The analysis of European integration is informed by deeply-anchored views of the ways in which public policy unfolds at the European level. The interpretation of the treaties, shaped by decades of decisions of the European Courts, has given birth to a kind of vulgata that is rarely called into question. Interaction among the main institutional players — the Commission, Parliament and the Council — is held to be the key element in the decision-making process. Hence, inter alia, the importance of the concept of ‘institutional balance’ (discussed in the contribution of Lenaerts and Verhoeven in this volume). Adoption of legislative instruments is the integration technique par excellence: it was through the 300 or so directives contained in the 1985 White Paper on the Single Market that barriers to intra-Community trade were to be dismantled and, even today, legislative activity is the main parameter by which we measure the growth in the scope of EU activities.1 Implementation of EU policies is constrained by choices made in the legislative phase; it is thus perceived to be of secondary importance and generally receives less attention. Classical views about institutional balance simply stress that, in theory, the implementation of EU policies remains in the hands of national administrations.1
This legislative bias is equally pervasive in normative assessments of EU policies. One generally discusses legitimacy issues in relation to legislative activities: the classical description of the ‘democratic deficit’ rests entirely on the role played by legislative assemblies in decision-making procedures.2 The European Court of First Instance has also made the clear suggestion that alternative forms of legitimization – such as the participation of management and labour representatives in decision-making processes – mattered only ‘in the absence of the participation of the European Parliament in the legislative process’.3
However, a gradual shift has occurred in European governance in the wake of the single market program. The European Union has assumed new tasks that are largely linked to what is increasingly referred to as ‘risk regulation’; that is, the assessment and management of risks that may result from natural events or human activities.4 It has also become apparent that – unlike the mere removal of trade barriers – managing a single market entails a degree of positive action that does not always fit within the neat legal categories inherited from the past. New actors have emerged, such as European administrative agencies and others, such as intergovernmental committees, have seen their roles deeply transformed . Scientific expertise has acquired an unprecedented level of importance. Traditional legal categories have therefore ceased to adequately reflect the actual operation of the EU’s machinery. How should one react to this mismatch between law and reality? Should one return to the purity of the classical model? Or has the time come to envisage a paradigmatic shift?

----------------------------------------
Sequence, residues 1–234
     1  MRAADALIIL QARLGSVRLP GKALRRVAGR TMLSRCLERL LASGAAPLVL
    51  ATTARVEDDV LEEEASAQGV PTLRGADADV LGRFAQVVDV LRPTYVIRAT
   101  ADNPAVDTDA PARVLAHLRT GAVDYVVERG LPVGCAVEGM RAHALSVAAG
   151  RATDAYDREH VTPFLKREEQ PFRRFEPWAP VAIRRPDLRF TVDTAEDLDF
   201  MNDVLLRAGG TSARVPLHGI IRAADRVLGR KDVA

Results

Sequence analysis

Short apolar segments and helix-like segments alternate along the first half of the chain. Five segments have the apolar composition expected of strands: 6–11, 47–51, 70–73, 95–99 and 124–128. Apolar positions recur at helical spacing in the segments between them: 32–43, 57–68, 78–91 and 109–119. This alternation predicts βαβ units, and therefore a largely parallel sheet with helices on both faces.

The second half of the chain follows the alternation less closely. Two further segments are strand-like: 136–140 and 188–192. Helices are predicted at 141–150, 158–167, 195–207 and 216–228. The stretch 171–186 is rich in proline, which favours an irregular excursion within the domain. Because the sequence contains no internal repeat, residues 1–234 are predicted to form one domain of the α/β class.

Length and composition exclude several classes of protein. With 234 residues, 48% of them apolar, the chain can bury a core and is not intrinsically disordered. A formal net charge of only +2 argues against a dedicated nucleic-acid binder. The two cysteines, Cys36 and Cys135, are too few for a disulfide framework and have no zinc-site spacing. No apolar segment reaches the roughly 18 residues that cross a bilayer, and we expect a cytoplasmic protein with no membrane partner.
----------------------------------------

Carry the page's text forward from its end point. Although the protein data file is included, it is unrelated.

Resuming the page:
This contribution tries to address these issues. It is organized as follows. Section 1 highlights the main transformations occurring in European Union governance. The next sections try to demonstrate the growing gap that has emerged between new patterns of governance and traditional legal analyses. It does this by focusing on three sets of issues: comitology (section 2); the powers that can be conferred on specialized European agencies and other bodies whose existence was not contemplated by the EC Treaty (section 3); and the role of scientific expertise (section 4). Section 5 returns to the discrepancy between legal perceptions and functional realities.